It’s an oft-quoted statistic that nine out of ten small businesses fail within the first five years of opening the doors; for those that make it past year five, an astounding number still won’t make it to year ten! Being an entrepreneur means not only facing the possibility of failure head on, but also that you need the determination to not let your business become yet another statistic.
One entrepreneurial couple learned exactly that. Philip and Lynn Spry own a computer retail store, and were faced with a decline in sales in 2006, which by 2007 had put their business at risk of closure and their entire livelihood in jeopardy. Instead of letting what seemed inevitable happen, they started reading business books, talking to surrounding businesses, and testing different tactics, all in the name of survival.
A 90 percent increase in revenue later, they had succeeded in saving their store; what they learned prompted them to write the book 19 Ways to Survive: Small-Business Strategies for a Tough Economy. The book includes many nuggets of helpful information, but implies that there are several main things any failing business can do to try to turn things around. Here they are, in no particular order:
3 Ways to Fix a Failing Business
- Motivate, train, and manage your employees: Whether you are your only employee or you employ others, someone is the face of your business. Why entrust your business to anyone but the best? You want your employees to be excited to help the business meet and exceed its goals, and help customers or clients get what they need and leave happy, to return with more business later. Believe it or not, their performance, good or bad, falls on your shoulders. You need to employ good hiring/reference checking practices to ensure you have the right people working for you; consistent training practices to ensure the same high quality of work or customer service out of everyone you employ; and manage your employees in an ongoing fashion, whether that means correcting them when they could have performed better, praising them when they do something fantastic, or firing them if you come to realize they are not the right fit for your company and are doing more damage than good.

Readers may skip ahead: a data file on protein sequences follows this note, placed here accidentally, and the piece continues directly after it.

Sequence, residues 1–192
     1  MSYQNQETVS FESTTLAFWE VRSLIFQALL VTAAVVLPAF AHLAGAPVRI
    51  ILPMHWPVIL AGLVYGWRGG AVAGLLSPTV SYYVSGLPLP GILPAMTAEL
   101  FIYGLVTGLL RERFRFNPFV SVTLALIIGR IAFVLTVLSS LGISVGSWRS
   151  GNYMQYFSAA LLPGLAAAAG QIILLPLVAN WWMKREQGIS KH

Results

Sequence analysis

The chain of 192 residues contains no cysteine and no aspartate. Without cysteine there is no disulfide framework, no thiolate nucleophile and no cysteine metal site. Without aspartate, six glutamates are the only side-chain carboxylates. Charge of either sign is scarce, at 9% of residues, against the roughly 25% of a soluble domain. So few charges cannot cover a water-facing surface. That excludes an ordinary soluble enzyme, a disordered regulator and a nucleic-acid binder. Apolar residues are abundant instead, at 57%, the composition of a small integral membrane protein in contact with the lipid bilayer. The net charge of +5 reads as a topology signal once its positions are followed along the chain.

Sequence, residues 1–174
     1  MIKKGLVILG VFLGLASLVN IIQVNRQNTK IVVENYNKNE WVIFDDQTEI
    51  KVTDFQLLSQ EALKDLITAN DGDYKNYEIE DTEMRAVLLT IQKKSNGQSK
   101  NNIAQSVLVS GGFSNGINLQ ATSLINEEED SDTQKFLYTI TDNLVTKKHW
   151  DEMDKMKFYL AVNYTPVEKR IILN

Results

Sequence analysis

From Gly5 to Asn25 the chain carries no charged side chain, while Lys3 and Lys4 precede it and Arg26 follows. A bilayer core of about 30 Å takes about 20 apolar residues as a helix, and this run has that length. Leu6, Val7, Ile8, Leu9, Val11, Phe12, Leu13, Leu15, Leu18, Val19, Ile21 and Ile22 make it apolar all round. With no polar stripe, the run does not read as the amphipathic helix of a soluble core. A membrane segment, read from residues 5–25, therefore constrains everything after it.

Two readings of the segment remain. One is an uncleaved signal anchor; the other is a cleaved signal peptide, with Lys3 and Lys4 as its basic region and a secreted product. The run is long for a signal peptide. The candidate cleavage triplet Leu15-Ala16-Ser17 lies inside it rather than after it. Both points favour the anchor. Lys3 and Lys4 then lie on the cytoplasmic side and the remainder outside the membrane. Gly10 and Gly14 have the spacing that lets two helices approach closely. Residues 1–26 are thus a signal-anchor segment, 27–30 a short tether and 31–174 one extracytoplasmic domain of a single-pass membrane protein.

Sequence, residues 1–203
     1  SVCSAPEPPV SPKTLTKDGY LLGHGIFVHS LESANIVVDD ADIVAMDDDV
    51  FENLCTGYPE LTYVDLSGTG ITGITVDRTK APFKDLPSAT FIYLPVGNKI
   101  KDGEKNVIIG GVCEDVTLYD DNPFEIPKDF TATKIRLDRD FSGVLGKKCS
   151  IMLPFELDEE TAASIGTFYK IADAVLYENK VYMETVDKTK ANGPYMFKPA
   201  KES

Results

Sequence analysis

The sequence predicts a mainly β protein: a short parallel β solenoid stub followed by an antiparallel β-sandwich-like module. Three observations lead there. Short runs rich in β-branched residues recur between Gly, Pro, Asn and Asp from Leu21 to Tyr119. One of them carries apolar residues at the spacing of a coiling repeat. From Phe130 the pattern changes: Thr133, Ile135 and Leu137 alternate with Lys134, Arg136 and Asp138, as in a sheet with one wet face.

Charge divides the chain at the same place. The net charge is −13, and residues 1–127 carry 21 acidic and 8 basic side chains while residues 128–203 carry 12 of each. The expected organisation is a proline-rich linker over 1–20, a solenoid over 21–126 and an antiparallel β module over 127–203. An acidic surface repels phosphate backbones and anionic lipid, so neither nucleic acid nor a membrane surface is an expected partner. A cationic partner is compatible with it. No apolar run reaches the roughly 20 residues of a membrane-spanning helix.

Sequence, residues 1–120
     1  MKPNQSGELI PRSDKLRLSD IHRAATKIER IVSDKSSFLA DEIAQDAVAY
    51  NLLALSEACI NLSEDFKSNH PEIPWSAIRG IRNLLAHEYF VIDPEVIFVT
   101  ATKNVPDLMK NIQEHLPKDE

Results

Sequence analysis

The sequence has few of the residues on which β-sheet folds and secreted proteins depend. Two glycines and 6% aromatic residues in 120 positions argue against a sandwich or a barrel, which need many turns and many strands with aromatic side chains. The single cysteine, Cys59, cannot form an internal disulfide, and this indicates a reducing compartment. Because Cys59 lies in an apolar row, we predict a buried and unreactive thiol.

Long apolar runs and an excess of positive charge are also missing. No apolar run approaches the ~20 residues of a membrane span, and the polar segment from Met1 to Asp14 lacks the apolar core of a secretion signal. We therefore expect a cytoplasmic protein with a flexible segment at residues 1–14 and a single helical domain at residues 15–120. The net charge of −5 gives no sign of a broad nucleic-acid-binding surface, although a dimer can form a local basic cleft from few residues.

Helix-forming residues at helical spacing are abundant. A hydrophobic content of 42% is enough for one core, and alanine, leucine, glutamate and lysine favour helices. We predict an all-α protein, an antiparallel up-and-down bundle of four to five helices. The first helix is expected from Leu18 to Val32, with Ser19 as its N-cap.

- Compete effectively with big business: This includes turning your brick-and-mortar storefront and/or website into a showroom, targeting the right market of people, finding your niche, and learning to adapt to changing market conditions. Don’t compete on the big businesses’ terms: Stand out in a crowd by selling your industry knowledge (big-box stores won’t normally have specialists, just minimum-wage employees)! Always be searching for new products, services, and opportunities that will make you different.
- Commit to making your business a success: Yes, of course you want your business to succeed, but have you fully committed to making it happen? Do not entertain for a moment the possibility of failure; do not hesitate to commit your time and resources to your success. Exemplify the values and ideals you want your employees to follow and your customers to see. Act in accordance with your business plan, and mission and values statements (or rework those if they’re not working for you).
Eileen Velthuis is managing editor at North Vancouver’s Self-Counsel Press, a do-it-yourself legal and business publishing house. She has written many articles for magazines and newspapers, and is the author of How to Throw the Ultimate Divorce Party, to be released summer 2012.